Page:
Navigation Links
Biomonitoring
Date:4/25/2008

In a forthcoming special issue of the Inderscience publication, the International Journal of Environment and Pollution (2008, Volume 32, Issue 4), researchers from various fields explain how living organisms can be used to track the dispersal of atmospheric pollutants, particulates, and trace elements.

Borut Smodi, of the Joef Stefan Institute, in Ljubljana, Slovenia, provides an editorial explaining how biomonitoring can be used in environments where a technological approach to monitoring is not only difficult and costly but may be impossible.

"Biomonitoring allows continuous observation of an area with the help of bioindicators, an organism that reveals the presence of a substance in its surroundings with observable and measurable changes, such as accumulation of pollutants, which can be distinguished from the effects of natural stress."

Smodi points to numerous other advantages of biomonitoring: "Simple and inexpensive sampling procedures allow a very large number of sites to be included in the same survey, permitting detailed geographical patterns to be drawn. Biomonitoring can be an effective tool for pollutant mapping and trend monitoring in real time and retrospective analysis," he says.

While any organism might be used as a biomonitoring agent, Smodi points out that mosses and lichens, which lack root systems, are dependent on surface absorption of nutrients, so reflect materials absorbed from the atmosphere rather than the soil.

In 1998, the International Atomic Energy Agency part of the United Nations, started a Coordinated Research Project on biomonitoring. Several papers in the special issue of IJEP detail methodologies, case studies and other aspects of various projects within this initiative and point to future avenues that might be explored.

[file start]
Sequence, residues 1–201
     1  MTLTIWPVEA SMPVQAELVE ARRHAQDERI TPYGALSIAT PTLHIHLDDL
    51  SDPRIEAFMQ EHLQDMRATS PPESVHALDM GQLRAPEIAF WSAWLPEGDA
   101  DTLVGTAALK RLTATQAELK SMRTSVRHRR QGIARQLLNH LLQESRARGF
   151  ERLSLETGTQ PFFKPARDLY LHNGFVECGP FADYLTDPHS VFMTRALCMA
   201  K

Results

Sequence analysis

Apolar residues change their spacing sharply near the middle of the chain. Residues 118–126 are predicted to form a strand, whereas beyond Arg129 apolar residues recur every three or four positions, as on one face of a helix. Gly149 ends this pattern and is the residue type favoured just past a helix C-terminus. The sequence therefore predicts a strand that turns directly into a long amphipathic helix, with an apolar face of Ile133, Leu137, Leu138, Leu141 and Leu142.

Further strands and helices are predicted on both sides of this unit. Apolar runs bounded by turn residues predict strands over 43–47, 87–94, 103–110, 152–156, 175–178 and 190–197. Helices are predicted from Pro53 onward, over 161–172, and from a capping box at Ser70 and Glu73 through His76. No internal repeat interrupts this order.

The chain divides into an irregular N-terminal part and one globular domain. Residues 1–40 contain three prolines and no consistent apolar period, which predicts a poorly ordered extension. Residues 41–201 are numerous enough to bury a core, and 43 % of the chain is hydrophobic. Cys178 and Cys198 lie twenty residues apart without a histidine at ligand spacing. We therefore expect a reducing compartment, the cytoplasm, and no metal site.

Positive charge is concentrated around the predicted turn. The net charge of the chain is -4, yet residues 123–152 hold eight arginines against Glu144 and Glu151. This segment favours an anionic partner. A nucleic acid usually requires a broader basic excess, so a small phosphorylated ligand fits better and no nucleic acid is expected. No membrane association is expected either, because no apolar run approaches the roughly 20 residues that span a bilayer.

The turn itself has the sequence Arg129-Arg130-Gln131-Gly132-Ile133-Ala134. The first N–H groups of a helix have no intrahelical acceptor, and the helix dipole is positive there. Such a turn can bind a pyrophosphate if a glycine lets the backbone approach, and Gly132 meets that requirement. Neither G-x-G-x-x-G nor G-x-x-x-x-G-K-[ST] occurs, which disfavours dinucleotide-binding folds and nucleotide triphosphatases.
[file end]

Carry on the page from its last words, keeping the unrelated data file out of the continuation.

While biomonitoring techniques are improving rapidly and researchers are quickly validating results at the local level, Smodi points out that there is no single species that could be used on the global scale.


'/>"/>

Contact: Albert Ang
a.ang@sciencebase.com
Inderscience Publishers
Source:Eurekalert

Post Your Comments:
*Name:
*Comment:
*Email:
(Date:4/11/2017)... , April 11, 2017 No two ... researchers at the New York University Tandon School ... Engineering have found that partial similarities between prints ... used in mobile phones and other electronic devices ... The vulnerability lies in the fact that ...
(Date:4/5/2017)... 4, 2017 KEY FINDINGS The ... at a CAGR of 25.76% during the forecast period ... primary factor for the growth of the stem cell ... MARKET INSIGHTS The global stem cell market ... and geography. The stem cell market of the product ...
(Date:3/30/2017)... March 30, 2017 Trends, opportunities and forecast ... behavioral), by technology (fingerprint, AFIS, iris recognition, facial recognition, ... others), by end use industry (government and law enforcement, ... and banking, and others), and by region ( ... Asia Pacific , and the Rest ...
Breaking Biology News(10 mins):
(Date:6/22/2017)... Germany (PRWEB) , ... June 22, 2017 , ... ... is taking over the allergy specialists DST Diagnostische Systeme & Technologien GmbH, thereby ... all know someone who suffers from hay fever, urticaria, asthma, atopic eczema or ...
(Date:6/22/2017)... (PRWEB) , ... June 22, 2017 , ... The first ... took 20 years until the first data on cross-contamination of human cell lines with ... been an increasing issue in cell culture labs and is associated with dramatic consequences ...
(Date:6/20/2017)... ... June 20, 2017 , ... Biologist Dawn Maslar MS has found a ... book, Men Chase, Women Choose: The Neuroscience of Meeting, Dating, Losing Your Mind, and ... on men. ”The logical next step, in my estimation, was to scientifically track the ...
(Date:6/20/2017)... ... , ... Do More with OHAUS , With the launch of the new ... weighing industry, to extending its expertise across the entire laboratory to a range of ... allowing for its customers to 'Do More' in the lab. , Efficiency ...
Breaking Biology Technology: